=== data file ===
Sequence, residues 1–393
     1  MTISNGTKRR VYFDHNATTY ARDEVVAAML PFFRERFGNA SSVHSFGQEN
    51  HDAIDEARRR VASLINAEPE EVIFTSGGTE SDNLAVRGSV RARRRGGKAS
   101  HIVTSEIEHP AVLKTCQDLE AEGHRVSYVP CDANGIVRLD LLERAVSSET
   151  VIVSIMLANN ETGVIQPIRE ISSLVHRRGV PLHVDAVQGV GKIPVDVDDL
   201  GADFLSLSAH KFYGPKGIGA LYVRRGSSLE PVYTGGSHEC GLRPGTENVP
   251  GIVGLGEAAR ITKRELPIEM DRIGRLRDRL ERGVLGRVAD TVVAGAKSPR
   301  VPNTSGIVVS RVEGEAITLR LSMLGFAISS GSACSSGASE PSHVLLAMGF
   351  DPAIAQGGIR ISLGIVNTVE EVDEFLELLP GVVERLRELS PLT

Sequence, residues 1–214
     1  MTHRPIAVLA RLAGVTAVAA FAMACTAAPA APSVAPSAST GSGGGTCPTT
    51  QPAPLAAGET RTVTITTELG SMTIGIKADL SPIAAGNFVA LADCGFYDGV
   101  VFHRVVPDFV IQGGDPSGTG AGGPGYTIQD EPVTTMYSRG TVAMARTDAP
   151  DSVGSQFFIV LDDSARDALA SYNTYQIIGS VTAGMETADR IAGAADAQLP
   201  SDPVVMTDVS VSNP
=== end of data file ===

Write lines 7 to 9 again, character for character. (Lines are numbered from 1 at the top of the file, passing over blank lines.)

   251  GIVGLGEAAR ITKRELPIEM DRIGRLRDRL ERGVLGRVAD TVVAGAKSPR
   301  VPNTSGIVVS RVEGEAITLR LSMLGFAISS GSACSSGASE PSHVLLAMGF
   351  DPAIAQGGIR ISLGIVNTVE EVDEFLELLP GVVERLRELS PLT